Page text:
LUBBOCK, Texas (Reuters) – Texas Governor Greg Abbott on Thursday sought to reassure parents he is doing all he can to keep students safe as most schools in the state prepare to reopen next week.
But a top adviser to Democratic presidential contender Joe Biden’s campaign in Texas blasted Abbott, a Republican, for what he called a lack of planning and funding for safely reopening schools, with the statewide coronavirus positivity rate hitting a record 24.5% this week.
“What we learned from the reopening of the Texas economy is that if you don’t do it right, people are going to die,” said Mike Collier, senior adviser to the Biden campaign in Texas. “Parents and teachers are being forced to make life and death decisions.”
Polls show Biden in a dead heat with President Donald Trump in Texas, long a Republican stronghold but where the Democratic Party made significant gains in the 2018 midterm election. How Abbott handles the pandemic and the reopening of schools could have a big impact on how voters cast ballots in November.
Abbott defended his mandate giving local school boards the right to determine if and when schools reopen, curbing the power of local health officials to intervene and order schools closed if COVID-19 outbreaks occur.
The Texas governor said schools are ready and argued that in-person classes would not be a significant spreader of the virus if schools follow basic safety precautions.
“The ways that COVID-19 will most likely spread in the school setting is in gatherings after school is over,” Abbott told a press conference in Lubbock.
Abbott said people are spreading the virus in smaller, informal gatherings with friends and family. He encouraged parents and teachers to curtail gatherings of students.
He urged all Texans to remain vigilant on safety precautions as Labor Day weekend approaches. “It’s important people don’t let their guard down like they did during Memorial Day weekend,” which he said was a “big spreading” event in the state.
LEAVE IT TO LOCALS
While Texas moves ahead with in-person classes, a group of parents and Republicans in California have gone to court seeking a reversal of Governor Gavin Newsom’s order that schools in counties on the coronavirus “watch list” – which encompasses 90% of the state’s population – stay shuttered this fall.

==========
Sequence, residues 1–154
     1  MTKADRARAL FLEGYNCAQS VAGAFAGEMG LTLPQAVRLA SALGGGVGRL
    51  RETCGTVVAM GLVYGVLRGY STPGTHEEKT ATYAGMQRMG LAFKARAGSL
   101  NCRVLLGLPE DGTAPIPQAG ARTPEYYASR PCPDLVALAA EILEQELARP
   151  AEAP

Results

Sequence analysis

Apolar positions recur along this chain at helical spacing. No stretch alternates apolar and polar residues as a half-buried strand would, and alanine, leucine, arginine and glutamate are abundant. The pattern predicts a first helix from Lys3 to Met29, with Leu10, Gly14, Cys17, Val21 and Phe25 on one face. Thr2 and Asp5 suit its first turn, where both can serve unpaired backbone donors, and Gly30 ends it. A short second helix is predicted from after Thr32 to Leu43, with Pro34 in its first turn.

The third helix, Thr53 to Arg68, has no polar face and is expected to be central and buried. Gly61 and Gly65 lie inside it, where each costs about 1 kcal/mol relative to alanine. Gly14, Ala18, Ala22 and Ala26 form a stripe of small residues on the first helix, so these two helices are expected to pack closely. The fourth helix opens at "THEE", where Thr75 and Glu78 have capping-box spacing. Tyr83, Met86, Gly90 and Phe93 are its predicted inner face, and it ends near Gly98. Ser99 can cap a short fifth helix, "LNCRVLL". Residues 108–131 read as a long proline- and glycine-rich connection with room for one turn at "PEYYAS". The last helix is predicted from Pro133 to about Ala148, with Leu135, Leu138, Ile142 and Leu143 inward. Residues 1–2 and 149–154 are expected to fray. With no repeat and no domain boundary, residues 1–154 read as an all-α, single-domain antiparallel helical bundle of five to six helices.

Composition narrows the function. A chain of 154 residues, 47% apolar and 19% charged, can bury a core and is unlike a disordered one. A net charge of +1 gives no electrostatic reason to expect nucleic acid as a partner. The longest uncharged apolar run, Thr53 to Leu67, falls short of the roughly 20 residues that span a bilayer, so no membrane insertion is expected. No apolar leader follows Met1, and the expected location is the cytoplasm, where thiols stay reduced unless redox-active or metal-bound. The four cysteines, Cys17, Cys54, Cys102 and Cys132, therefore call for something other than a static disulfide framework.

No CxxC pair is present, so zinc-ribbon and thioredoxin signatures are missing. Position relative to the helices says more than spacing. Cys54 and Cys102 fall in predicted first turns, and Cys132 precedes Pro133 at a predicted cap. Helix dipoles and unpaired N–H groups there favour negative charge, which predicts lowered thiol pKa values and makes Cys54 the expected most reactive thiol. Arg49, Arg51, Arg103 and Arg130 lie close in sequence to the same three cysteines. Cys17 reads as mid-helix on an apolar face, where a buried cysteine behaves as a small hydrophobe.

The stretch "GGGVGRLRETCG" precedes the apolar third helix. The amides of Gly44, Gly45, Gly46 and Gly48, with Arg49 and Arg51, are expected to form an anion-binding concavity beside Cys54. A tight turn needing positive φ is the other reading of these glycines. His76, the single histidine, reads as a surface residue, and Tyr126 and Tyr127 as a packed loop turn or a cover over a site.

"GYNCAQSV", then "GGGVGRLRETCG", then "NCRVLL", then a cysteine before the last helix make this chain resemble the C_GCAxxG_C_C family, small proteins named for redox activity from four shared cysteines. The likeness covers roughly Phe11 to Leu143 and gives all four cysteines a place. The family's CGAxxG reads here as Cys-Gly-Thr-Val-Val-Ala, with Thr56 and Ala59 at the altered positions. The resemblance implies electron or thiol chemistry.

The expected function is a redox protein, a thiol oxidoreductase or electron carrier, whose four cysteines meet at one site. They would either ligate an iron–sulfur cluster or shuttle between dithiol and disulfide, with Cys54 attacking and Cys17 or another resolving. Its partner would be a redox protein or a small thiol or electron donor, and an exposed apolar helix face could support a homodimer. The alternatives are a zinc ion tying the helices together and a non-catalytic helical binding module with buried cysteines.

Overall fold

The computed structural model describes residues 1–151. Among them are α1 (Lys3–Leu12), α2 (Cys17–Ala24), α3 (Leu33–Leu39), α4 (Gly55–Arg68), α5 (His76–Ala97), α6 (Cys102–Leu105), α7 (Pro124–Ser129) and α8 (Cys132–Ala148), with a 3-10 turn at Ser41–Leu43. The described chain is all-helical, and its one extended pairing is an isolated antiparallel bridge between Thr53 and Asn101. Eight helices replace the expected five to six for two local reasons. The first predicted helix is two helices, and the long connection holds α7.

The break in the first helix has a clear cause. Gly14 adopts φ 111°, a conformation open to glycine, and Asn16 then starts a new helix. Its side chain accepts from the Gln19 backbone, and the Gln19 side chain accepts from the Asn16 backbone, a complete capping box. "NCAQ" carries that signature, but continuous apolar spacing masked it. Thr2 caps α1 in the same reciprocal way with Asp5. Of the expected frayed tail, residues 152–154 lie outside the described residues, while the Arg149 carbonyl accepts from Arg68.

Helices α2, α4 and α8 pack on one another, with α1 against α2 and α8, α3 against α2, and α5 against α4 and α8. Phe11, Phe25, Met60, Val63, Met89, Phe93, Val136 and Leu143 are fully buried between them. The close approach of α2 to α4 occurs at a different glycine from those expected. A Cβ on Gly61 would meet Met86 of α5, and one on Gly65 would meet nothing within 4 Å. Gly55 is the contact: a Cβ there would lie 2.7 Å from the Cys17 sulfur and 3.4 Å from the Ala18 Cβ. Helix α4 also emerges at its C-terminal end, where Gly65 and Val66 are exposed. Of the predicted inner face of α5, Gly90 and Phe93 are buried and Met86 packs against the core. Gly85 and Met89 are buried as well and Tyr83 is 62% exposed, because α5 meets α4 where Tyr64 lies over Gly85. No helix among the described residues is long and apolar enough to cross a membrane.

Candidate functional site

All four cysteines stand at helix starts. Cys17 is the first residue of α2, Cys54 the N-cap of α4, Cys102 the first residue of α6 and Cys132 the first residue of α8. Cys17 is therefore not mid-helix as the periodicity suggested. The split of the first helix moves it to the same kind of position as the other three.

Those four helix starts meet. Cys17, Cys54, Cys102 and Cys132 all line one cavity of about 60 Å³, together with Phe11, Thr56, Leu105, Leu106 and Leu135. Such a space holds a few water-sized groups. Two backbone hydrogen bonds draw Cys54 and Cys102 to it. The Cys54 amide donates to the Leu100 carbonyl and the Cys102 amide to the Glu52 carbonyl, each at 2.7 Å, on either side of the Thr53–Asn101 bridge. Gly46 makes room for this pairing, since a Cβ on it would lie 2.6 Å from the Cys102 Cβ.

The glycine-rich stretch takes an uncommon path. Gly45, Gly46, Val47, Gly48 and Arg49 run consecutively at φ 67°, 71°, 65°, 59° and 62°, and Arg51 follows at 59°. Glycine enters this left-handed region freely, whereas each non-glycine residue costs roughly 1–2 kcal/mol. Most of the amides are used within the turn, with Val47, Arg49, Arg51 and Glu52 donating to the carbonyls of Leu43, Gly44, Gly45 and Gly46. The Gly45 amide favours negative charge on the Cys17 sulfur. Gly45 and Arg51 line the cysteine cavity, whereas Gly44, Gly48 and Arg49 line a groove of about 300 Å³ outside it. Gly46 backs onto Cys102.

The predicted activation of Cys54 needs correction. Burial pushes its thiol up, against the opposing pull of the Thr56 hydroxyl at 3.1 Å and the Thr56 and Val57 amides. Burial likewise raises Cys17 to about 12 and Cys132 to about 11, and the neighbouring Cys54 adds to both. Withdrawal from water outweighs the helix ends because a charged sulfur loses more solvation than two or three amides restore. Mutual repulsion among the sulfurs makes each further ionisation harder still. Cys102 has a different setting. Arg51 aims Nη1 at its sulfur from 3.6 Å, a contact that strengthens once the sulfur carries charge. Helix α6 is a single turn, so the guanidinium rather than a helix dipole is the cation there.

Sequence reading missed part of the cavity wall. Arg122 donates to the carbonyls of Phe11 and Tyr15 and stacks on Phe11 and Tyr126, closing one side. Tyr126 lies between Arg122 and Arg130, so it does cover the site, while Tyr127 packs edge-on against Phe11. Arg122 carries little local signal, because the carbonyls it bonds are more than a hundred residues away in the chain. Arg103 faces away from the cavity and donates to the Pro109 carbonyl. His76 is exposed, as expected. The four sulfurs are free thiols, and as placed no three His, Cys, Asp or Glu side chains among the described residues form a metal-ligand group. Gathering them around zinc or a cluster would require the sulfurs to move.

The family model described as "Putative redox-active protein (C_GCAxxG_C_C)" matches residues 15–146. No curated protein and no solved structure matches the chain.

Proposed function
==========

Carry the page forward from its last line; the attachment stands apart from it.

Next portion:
“What we’re seeking in the lawsuit is that the governor get out of the way and let local parents, local school boards and small schools make these decisions themselves,” Harmeet Dhillon, Republican National Committee member from California and lawyer who brought the lawsuit, told a virtual press conference on Thursday.
Marianne Bema, a plaintiff in the lawsuit who lives in Los Angeles with her three school-aged sons, said online learning in spring was disastrous for her children, and she does not make enough money to afford daycare if her children are not in school.
Another plaintiff, Christine Ruiz of Santa Clarita, who also has three school-aged kids, said she was pleased with a hybrid model mixing in-person and online instruction their school originally had planned to roll out.
“Now that choice has been taken away from us,” Ruiz said.
APPS, BATTLE ON MASKS
North Dakota, Wyoming and Alabama are the latest U.S. states launching apps to warn users about potential exposure to the novel coronavirus by tracking their encounters, representatives for the states told Reuters on Thursday.
Virginia last week became the first U.S. state to urge residents to download such an app using technology developed by smartphone software giants Apple Inc <AAPL.O> and Alphabet Inc’s <GOOGL.O> Google.
In Georgia, Governor Brian Kemp said on Thursday he plans to drop a lawsuit against Atlanta Mayor Keisha Lance Bottoms and the city, possibly ending a months-long feud over an order for people to wear masks to stop the spread of COVID-19.
Kemp had sued Bottoms and the city of Atlanta to stop enforcement of a local mask mandate arguing the city lacks the authority to override his order encouraging but not requiring face coverings.
(Reporting by Brad Brooks in Lubbock, Makini Brice in Washington, D.C., Rich McKay in Atlanta and Paresh Dave in Oakland; Editing by Bill Tarrant and Daniel Wallis)